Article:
Angie McKeown

              I'm only me, but I'm very good at it

Event reports, Game Design, Motivation, Virtual & Augmented Reality

Immersive Tech Hackathon

Another month, another hackathon? Apparently they’re like buses: you haven’t been to one for years and then three come along at once!

ImmersiveTechNI is a new local group trying to seize the zeitgeist of VR at the moment, and they were extremely clever to start off with a hackathon. VR is a burgeoning industry, and not a lot of people have had the chance to have a go on anything much more expensive than a Google cardboard. Having the chance to come along and try out thousands of pounds of hardware in the form of HTC Vive,  Oculus Rift, Samsung Gear VR, and Hololens was a great way to get people in the door. Encouraging developers to dip their toe in the water with an eight hour hackathon gets them over the nerves – you can’t accomplish much technically in eight hours, but maybe you can think about the industry applications, what’s possible with the technology, and have exposure to some of the VR specific code you may use again another time.  I was really pleased to grab a ticket for this on time, as it ended up sold out with a fairly long waitlist.


The launch party for the group was in PwC Google Labs the night before, and gave us a great chance to try out a lot of the equipment and get a feel for it without cutting into the hack time. Glenn and I both have some Unity experience but not a whole lot, and the SteamVR plugin had a recent update with a lot of changes, so the initial basic Unity workshop was also of some use. There was a notable (and understandable, given the sponsorship) business vibe to this part with speakers focussing on industry applications and commercialisation, but I think the small dev community here were mostly just needing to have a play and cut their teeth on the platform-specific issues. Imagining how you can encourage customers to spend more or teach people new skills  is not so useful when you are still struggling to make the controller successfully pick things up and drop them again. There was no lack of technical experience in the room, but these tools and their quirks were very new to almost everyone.

As an aside, this is why groups like ImmersiveTechNI, NI Game Dev Network and our PlayMyDemo events are so incredibly important, and need funding. Developers need to cut their teeth on issues and have a chance at peer review, long before enterprise-ready applications can emerge. In VR particularly there are very few courses and it’s changing so fast. Having a go with the hardware and meeting to show your work and talk it over is vital for growth.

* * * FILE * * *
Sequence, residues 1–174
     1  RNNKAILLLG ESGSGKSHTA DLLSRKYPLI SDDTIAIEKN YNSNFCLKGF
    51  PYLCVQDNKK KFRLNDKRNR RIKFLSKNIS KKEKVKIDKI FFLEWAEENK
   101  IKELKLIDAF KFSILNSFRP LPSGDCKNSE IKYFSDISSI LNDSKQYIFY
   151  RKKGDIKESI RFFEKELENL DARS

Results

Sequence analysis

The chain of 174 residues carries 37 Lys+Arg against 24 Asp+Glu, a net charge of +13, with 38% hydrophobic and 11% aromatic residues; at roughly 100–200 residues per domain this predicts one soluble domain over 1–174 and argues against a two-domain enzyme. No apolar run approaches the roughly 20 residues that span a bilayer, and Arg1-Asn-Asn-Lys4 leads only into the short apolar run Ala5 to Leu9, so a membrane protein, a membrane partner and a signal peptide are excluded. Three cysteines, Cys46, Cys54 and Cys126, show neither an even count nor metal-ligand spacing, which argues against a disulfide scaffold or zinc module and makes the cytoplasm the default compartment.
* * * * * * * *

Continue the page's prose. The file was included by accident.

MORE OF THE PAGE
We were glad to have Glenn’s HTC Vive to work with. Having already done some VR dev at home, it quickly becomes clear to you that development without being able to test changes is the way to madness. It’s just too unreliable to import huge amounts of code and then spend ages working out where the problems are. Testing as you go is required. This is why so many VRdevs on Twitter have a profile photo with their HMD!


So we had the brawn, we just needed a great idea. Fortunately we hooked up with Rachael and Zach, who brought with them her great idea of simulating vehicle safety checks for Trucks, Cars, etc. We decided on a few key checks that we might be able to implement in the time, settled on a truck as our model for visual impact (and because our car model was haunted with crazy animations!), and fired the whole lot into Unity. It was a great experience being able to walk around a really big virtual truck with a horn and engine sounds, take a tyre off, check indicators and open doors and load cargo. Being me, I was keen to gamify the experience and add achievements – it makes for SO much more effective learning. We didn’t quite get to build that into the demo, but it was in the concept.


We wrangled with the HMD camera, with teleport code, collision detection with the weird SteamVR constraints, and other code issues. We downloaded assets, made a presentation, looked up industry-specific statistics and use-cases, ate sweets and drank tea. Most of all we wrangled with the fact that four people developing on one machine is more than a little ludicrous. Nine hours of constantly being ‘on’ and thinking hard over brand new problems is tough going. The old hackathon wisdom that you will accomplish less than 25% of what you set out to do is definitely true!


We yawned, we disagreed, we covered the white board with stuff, we tested and tested and tested, we fell out, we made up, and finally it was time for judging. Rachael gave a really cohesive presentation of the various concepts and ideas we had drummed up through the day. The judges were thankfully game for trying our (still a little clunky) demo in person, and Glenn made a good demonstration of the parts they didn’t quite manage. An hour later, after a much deserved beer and a rest and a good nosy at other people’s projects, we were delighted to win 3rd prize!

In all, it was a super experience. We have a conceptual project that could in theory be taken forward into a fully-fledged real life application. The development issues and code quirks we are now aware of, the differing experiences between the hardware, the user experience of the camera and teleport, that’s all invaluable knowledge. More than anything, though, we now have the motivation to give VR dev a go – it’s amazing fun.

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